For both parents and young people, adolescence feels like a very confusing process because so much that happens is unexpected. However, confusing at it seems, I believe adolescence is also a lawful process.
That is, certain changes, tensions, conflicts, and problems do tend to unfold in a somewhat orderly progression. Thus, anticipating the stages of adolescence as briefly outlined below may help ease some of the "bumps in the road" for parents and smooth their way.
Stage One: Letting Childhood Go.
Early Adolescence (around ages 9–13) problems are characterized by:
Personal disorganization increases as more messiness, forgetfulness, distractability, inattention, and losing things begin. Now the self-management structure that fit childhood becomes inadequate to effectively cope with the more psychologically and socially complex adolescent experience.
A negative attitude—increased dissatisfaction from no longer being content to be defined and be treated as a child, less interested in traditional childhood activities and more boredom and restlessness from not knowing what to do, carrying a grievance about unfair demands and limits on personal freedom that adults in life impose.
Active and passive resistance—more questioning of authority, arguing with rules, delaying compliance with parental requests, letting fulfillment of normal home and school responsibilities go (chores and homework let slide.)
Early experimentation—testing limits to see what can be gotten away with, including such activities as shoplifting, vandalizing, prank calls, and the beginning of substance experimentation.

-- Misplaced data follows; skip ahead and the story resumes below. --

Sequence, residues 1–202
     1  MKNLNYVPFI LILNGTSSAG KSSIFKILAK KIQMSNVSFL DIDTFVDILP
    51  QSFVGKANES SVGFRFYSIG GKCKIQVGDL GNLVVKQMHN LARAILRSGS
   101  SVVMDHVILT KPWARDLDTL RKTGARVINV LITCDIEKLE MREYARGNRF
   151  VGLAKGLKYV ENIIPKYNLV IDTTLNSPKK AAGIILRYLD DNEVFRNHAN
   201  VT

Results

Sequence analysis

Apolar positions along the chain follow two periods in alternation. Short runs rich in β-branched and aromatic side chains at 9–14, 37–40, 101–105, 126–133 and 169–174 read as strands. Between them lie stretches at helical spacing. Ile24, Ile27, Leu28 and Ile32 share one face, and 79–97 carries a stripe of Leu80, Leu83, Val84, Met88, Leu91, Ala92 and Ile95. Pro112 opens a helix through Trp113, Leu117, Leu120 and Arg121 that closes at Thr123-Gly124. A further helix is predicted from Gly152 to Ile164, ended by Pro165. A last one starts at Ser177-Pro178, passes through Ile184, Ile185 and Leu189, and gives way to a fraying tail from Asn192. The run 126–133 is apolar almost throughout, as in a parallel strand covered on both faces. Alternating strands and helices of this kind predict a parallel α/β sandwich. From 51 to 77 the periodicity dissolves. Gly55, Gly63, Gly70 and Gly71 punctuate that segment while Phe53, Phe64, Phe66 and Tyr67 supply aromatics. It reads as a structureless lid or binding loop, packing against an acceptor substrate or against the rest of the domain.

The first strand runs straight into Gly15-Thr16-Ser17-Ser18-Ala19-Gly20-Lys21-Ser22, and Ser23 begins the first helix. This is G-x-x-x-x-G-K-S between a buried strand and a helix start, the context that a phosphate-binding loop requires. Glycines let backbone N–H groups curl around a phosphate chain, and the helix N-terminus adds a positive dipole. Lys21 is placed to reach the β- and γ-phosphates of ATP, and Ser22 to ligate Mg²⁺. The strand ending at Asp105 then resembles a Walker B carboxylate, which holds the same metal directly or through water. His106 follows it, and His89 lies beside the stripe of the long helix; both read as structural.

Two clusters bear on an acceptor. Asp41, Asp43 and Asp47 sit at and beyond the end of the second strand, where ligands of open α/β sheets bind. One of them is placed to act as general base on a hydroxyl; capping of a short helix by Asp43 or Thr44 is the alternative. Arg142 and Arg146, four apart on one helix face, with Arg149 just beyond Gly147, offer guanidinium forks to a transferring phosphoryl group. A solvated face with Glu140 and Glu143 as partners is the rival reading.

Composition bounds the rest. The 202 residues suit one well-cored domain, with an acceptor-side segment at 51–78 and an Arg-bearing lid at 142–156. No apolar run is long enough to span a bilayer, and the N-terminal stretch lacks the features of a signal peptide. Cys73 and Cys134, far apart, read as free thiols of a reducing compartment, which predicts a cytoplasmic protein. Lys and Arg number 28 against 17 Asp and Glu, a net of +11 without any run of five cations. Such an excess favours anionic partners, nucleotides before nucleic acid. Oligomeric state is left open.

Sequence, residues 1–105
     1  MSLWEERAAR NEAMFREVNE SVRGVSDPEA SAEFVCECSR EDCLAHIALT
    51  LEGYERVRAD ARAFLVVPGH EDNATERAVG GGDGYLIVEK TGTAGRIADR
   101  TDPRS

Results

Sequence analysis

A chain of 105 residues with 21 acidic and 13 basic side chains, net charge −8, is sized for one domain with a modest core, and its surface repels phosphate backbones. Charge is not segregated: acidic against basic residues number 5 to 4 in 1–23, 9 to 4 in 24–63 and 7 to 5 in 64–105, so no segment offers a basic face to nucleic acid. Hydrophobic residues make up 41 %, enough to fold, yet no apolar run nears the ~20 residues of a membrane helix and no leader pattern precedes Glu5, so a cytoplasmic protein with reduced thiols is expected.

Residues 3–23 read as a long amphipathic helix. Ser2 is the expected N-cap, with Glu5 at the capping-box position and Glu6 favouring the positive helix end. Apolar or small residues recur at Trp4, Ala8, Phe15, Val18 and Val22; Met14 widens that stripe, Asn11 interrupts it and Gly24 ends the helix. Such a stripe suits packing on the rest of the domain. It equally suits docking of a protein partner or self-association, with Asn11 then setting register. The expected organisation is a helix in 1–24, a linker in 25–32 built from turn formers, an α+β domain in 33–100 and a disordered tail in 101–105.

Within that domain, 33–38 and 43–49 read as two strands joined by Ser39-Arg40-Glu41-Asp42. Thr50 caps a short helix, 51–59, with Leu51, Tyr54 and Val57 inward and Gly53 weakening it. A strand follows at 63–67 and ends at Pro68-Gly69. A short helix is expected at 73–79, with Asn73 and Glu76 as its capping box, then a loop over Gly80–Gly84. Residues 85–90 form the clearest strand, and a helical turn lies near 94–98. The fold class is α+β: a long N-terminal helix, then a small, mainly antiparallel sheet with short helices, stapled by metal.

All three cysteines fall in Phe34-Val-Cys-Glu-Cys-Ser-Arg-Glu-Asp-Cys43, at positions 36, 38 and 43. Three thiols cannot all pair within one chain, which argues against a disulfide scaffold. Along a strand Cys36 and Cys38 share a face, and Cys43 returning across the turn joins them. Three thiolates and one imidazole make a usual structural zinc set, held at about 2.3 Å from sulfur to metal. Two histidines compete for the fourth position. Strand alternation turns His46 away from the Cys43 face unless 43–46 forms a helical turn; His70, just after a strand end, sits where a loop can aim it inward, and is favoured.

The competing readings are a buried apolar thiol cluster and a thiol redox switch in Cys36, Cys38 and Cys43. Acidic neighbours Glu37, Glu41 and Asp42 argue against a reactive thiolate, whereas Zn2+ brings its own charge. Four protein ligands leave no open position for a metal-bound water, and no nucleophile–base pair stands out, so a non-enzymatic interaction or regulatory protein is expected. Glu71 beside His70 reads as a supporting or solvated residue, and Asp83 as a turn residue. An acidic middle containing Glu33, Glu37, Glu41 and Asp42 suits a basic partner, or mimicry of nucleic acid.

For parents, this stage is when behavior seems to undergo a change for the worse, so their challenge is to insist on responsible behavior while maintaining a positive connection to the young person during a more negative time.
Stage Two: Forming a Family of Friends.
Mid Adolescence (around ages 13–15) problems are characterized by:
More intense conflict over social freedom with parents, particularly the freedom to be with friends.
More lying to escape consequences from wrongdoing or to get to do what has been forbidden. (More deceptive communication with parents.)
For parents, this stage is when the young person has become ruled by the need for immediate gratification and social belonging with peers, so their challenge is to take hard stands for his best interests against what the young person wants, generating more conflict in the process.
Stage Three: Acting More Grown Up.
Late Adolescence (around ages 15–18) problems are characterized by:
More significant emotional (and often sexual) involvement in romantic relationships.
For parents, this stage is when the young person pushes for adult freedoms that can be dangerous to manage, so their challenge is to insist on adequate communication so they can inform understanding and insist on commensurate responsibility.
Stage Four: Stepping Off On One's Own.
Trial Independence (around ages 18–23) problems are characterized by:
Lower self-esteem from not being able to adequately support all the demands and keep all the commitments of adult responsibility.
Increased anxiety from not having a clear sense of direction in life or the self-discipline to consistently pursue it if they do.
High distraction from a cohort of peers who are slipping and sliding and confused about direction too, partying more to deny problems or escape responsibility, as the stage of highest substance use begins, hard drugs beginning to enter the picture.
For parents, this stage is when the young person faces the harsh realities of separation from home, independent living, and self-support, so their challenge is to respect decisions and allow consequences, to give mentoring advice (when asked) but not to rescue from bad choices, and to express faith in the young person's capacity to learn and recover from mistakes.
Of course, this description of the four stages of adolescence is only an approximation; but better a rough road map than none at all.